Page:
If it wasn’t already clear, Quick Cups is a pretty straight to the point game. The whole game revolves around quickly looking at a card and rearranging your cups to match the pictures on the card. With how simple the game is, it is not surprising that the game works pretty well as a family game. Quick Cups has a recommended age of 6+ but I think kids younger than six could still potentially play the game. Basically all you need to know to play the game is to recognize the colors and be able to rearrange cups to recreate the picture. The game could be taught to most players within a minute or two, and I can’t really see many people having any issues with playing the game. The only people that might have some issues with the game are people that are color blind as there is no way to tell the cups or shapes on the cards apart other than by color.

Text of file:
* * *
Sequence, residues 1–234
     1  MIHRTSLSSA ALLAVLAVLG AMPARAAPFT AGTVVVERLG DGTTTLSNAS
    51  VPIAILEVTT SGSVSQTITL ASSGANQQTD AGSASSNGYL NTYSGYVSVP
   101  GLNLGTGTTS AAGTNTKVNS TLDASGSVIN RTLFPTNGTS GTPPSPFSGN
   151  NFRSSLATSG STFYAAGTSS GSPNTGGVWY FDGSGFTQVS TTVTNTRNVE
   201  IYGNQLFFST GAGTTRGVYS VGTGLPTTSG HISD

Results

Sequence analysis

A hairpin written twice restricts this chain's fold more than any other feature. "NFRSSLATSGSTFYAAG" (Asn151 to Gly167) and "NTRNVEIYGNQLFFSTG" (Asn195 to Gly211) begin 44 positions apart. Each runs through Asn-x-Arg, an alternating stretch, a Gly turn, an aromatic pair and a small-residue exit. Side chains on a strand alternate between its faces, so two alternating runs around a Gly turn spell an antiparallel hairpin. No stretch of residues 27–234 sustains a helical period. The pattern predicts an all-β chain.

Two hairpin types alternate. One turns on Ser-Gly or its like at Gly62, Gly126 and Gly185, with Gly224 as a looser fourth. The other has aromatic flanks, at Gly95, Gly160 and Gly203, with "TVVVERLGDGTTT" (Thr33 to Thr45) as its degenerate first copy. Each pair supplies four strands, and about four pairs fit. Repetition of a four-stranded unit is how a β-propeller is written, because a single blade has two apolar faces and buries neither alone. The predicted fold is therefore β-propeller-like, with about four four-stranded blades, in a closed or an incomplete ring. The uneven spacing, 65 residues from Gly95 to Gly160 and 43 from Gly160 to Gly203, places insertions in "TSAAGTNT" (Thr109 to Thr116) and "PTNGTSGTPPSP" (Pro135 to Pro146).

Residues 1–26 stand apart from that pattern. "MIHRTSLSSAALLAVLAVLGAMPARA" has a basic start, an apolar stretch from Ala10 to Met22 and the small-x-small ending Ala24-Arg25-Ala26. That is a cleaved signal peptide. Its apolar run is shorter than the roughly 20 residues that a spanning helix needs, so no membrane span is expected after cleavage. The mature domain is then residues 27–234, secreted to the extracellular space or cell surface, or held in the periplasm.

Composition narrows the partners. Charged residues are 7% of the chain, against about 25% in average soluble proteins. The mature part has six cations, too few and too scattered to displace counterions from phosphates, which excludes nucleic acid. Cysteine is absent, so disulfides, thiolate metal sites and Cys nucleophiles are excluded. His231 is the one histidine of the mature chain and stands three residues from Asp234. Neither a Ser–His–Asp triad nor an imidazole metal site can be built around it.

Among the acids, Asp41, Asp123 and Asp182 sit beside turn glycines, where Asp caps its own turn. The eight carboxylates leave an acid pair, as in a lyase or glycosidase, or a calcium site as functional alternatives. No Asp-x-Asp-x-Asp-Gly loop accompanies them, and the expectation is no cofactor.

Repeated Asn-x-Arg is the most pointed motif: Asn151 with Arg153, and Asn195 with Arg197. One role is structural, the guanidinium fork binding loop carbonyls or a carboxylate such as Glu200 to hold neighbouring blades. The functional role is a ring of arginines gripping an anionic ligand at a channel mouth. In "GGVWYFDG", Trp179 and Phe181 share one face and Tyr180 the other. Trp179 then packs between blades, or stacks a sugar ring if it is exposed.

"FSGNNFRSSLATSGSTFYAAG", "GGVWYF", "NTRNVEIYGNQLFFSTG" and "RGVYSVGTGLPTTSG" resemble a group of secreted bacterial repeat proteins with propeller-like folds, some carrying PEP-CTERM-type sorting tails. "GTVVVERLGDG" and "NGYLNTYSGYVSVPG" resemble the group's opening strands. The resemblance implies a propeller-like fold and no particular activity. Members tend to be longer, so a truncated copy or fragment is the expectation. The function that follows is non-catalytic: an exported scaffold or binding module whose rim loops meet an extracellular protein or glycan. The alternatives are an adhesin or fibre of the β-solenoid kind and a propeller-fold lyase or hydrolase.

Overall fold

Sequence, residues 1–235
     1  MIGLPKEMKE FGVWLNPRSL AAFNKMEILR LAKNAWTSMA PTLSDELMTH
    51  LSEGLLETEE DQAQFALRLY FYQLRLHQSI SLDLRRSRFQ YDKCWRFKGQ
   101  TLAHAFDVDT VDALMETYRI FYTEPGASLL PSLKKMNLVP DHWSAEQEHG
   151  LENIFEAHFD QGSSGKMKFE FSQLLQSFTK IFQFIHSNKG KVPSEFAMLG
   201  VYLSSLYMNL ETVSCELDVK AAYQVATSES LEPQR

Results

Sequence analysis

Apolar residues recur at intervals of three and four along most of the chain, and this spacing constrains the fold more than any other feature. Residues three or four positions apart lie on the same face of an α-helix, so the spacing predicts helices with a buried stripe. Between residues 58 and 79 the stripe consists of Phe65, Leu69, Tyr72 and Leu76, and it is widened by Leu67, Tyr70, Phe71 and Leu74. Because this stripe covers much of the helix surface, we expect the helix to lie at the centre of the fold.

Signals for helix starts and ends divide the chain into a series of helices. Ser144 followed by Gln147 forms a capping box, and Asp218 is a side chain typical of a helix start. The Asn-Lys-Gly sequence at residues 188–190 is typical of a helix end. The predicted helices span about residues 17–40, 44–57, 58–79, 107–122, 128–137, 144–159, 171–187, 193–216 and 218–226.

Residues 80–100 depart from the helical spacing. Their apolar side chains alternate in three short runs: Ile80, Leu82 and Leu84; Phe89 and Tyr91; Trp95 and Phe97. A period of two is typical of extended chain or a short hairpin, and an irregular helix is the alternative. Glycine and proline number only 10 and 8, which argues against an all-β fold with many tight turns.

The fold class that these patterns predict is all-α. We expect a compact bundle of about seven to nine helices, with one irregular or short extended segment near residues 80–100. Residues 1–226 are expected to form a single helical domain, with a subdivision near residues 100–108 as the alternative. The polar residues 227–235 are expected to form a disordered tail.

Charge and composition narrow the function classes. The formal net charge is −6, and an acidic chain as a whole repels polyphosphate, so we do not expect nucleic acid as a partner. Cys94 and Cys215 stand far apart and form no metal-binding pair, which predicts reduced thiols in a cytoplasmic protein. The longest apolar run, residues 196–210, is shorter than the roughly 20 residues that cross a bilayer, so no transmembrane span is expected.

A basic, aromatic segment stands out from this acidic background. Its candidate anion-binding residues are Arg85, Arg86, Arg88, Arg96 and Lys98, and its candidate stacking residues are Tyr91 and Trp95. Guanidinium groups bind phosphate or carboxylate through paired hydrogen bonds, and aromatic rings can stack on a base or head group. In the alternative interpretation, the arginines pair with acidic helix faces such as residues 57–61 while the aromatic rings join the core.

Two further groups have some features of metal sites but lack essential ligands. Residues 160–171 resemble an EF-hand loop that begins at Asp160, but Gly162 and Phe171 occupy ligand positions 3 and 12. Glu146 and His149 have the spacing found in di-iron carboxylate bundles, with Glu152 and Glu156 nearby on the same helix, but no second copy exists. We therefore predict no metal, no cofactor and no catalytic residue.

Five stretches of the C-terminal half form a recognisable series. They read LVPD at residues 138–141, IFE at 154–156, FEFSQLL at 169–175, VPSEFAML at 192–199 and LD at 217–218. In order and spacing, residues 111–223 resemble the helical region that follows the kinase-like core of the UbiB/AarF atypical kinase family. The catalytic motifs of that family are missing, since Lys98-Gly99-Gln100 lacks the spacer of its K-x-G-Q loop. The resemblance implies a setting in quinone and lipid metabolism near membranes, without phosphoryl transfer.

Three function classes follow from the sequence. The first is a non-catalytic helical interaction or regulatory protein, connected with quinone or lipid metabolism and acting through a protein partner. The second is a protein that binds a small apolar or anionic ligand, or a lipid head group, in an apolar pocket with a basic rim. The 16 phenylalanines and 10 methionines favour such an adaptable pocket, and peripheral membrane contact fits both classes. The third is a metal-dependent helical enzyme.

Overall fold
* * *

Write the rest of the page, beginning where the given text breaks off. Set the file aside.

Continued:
With the game being so simple as well as a speed game, it shouldn’t surprise you that the game plays quite quickly. The game only includes 24 cards after all. Once all of the cards are taken, the game ends. This means that most games will probably only take around five minutes. You could play a couple rounds and combine scores from all of the rounds, but Quick Cups is never going to be a long game. With the game being so short, it is the type of game that you play for around 15-20 minutes and then put away for another day.
Quick Cups is similar to quite a few games but the one thing that makes the game kind of unique is that players are forced to stack the cups both vertically and horizontally. There are games that have you arrange items horizontally or vertically but I can’t remember playing a game that has you do both. While this doesn’t sound like much at first, it actually adds a decent amount to the game. The reason this small tweak works is that it makes you think about one more thing before you start assembling. Before you do anything else, you need to figure out whether you will be placing the cups out on the table or on top of one another. This adds a little more thinking to the game which rewards quick thinking skills over just being able to rearrange the cups quickly.